From noiseful arms, and acts of prowess done
In tournament or tilt, Sir Percivale,
Whom Arthur and his knighthood called
Had passed into the silent life of prayer,
Praise, fast, and alms; and leaving for the cowl
The helmet in an abbey far away
From Camelot, there, and not long after, died.
`Nay, monk! what phantom?' answered Percivale.
`The cup, the cup itself, from which our
Drank at the last sad supper with his own.
This, from the blessed land of Aromat--
After the day of darkness, when the dead
Went wandering o'er Moriah--
the good saint Arimathan Joseph, journeying brought
To Glastonbury, where the winter thorn
Blossoms at Christmas, mindful of our Lord.
And there awhile it bode; and if a man
Could touch or see it, he was healed at once,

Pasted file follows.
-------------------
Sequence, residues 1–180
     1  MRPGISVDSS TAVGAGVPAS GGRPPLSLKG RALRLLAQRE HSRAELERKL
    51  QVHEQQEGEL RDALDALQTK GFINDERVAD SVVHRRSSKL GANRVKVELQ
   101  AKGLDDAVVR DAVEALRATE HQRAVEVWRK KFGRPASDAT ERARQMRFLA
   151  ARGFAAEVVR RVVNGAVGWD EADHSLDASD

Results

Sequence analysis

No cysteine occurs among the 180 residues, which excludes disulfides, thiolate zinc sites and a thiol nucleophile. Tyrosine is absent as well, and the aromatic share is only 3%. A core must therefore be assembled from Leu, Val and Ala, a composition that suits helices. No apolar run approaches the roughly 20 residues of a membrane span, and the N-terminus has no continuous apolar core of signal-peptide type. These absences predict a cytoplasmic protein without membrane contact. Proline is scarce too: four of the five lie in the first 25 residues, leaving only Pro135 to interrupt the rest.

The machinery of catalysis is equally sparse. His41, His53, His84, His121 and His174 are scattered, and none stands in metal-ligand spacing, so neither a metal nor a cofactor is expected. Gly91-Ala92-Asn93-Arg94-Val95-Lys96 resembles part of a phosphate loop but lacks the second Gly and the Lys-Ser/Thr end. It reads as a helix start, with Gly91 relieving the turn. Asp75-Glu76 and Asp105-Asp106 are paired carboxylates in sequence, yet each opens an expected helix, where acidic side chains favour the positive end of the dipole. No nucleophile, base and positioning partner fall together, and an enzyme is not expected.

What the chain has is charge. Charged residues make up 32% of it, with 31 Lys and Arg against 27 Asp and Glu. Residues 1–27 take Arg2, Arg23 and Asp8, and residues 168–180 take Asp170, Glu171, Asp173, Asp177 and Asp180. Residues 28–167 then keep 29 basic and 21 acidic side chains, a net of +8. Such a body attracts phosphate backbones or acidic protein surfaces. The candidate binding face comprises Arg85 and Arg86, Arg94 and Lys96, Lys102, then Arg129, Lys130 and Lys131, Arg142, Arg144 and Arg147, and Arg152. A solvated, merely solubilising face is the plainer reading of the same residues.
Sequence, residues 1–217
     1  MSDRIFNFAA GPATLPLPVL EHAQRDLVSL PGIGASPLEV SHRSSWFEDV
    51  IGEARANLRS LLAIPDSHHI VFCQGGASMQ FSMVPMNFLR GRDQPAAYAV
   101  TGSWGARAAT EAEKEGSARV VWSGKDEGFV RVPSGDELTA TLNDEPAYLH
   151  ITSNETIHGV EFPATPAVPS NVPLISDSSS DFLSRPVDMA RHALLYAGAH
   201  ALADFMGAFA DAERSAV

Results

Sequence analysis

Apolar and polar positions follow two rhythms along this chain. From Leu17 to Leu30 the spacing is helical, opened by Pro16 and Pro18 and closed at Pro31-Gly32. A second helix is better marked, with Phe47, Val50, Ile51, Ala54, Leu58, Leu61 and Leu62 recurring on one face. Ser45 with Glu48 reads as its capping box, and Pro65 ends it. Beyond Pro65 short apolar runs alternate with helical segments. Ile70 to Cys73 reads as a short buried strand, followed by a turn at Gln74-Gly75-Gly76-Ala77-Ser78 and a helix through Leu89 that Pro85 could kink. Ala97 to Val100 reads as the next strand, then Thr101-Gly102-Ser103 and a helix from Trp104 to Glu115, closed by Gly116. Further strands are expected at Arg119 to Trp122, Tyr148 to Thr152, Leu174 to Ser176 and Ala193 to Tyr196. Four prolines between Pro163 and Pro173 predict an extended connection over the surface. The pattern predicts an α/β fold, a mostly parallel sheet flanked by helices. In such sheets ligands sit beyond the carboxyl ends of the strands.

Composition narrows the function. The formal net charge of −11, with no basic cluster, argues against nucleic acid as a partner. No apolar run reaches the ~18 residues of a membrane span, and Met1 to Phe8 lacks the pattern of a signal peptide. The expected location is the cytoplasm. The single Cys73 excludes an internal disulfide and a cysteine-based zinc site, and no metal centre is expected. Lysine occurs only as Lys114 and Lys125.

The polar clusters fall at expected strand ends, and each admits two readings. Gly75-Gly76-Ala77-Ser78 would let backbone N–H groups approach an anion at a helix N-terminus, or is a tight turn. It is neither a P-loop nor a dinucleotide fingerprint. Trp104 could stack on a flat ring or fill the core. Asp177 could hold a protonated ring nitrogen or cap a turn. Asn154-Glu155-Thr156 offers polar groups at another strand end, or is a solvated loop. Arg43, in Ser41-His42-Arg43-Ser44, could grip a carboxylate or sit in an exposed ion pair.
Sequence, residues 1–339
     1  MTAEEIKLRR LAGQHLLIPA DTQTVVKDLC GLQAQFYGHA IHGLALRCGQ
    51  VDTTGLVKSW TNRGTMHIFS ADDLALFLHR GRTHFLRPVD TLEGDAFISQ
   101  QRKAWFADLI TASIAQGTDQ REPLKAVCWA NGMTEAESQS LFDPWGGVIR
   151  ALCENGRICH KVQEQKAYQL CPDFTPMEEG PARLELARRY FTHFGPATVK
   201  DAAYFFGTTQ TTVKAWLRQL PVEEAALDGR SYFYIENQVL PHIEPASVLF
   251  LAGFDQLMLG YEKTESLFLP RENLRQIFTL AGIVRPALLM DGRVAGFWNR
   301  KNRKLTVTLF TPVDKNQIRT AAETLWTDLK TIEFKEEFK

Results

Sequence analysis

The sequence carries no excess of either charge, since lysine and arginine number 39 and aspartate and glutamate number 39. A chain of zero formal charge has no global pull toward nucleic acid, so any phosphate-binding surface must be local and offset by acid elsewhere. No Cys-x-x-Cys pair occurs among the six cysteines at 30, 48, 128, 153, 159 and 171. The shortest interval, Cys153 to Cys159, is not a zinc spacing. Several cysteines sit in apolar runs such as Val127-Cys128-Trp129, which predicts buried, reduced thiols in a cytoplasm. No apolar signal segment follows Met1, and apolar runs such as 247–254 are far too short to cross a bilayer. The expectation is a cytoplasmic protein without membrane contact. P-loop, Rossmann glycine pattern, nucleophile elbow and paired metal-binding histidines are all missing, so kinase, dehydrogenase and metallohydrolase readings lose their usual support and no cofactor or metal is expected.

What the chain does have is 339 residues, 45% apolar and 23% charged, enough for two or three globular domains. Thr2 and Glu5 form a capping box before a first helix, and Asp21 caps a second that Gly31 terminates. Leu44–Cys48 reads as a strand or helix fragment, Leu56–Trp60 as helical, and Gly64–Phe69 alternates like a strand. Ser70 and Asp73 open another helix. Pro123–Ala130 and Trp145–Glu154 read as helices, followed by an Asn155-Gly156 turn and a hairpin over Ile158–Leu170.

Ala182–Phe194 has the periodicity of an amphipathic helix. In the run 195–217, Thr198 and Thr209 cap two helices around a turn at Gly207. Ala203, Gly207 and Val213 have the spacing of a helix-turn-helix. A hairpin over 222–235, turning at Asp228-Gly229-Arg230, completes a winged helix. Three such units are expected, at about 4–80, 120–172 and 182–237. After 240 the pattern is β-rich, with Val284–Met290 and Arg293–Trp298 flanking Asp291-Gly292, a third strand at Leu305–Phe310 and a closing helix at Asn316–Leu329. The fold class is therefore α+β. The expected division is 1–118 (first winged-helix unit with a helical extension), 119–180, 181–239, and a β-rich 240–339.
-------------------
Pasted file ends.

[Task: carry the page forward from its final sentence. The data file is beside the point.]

By faith, of all his ills. But then the times
Grew to such evil that the holy cup
Was caught away to Heaven, and disappeared.'
To whom the monk: `From our old books I know
That Joseph came of old to Glastonbury,
And there the heathen Prince, Arviragus,
Gave him an isle of marsh whereon to build;
And there he built with wattles from the marsh
A little lonely church in days of yore,
For so they say, these books of ours, but seem
Mute of this miracle, far as I have read.
But who first saw the holy thing today?'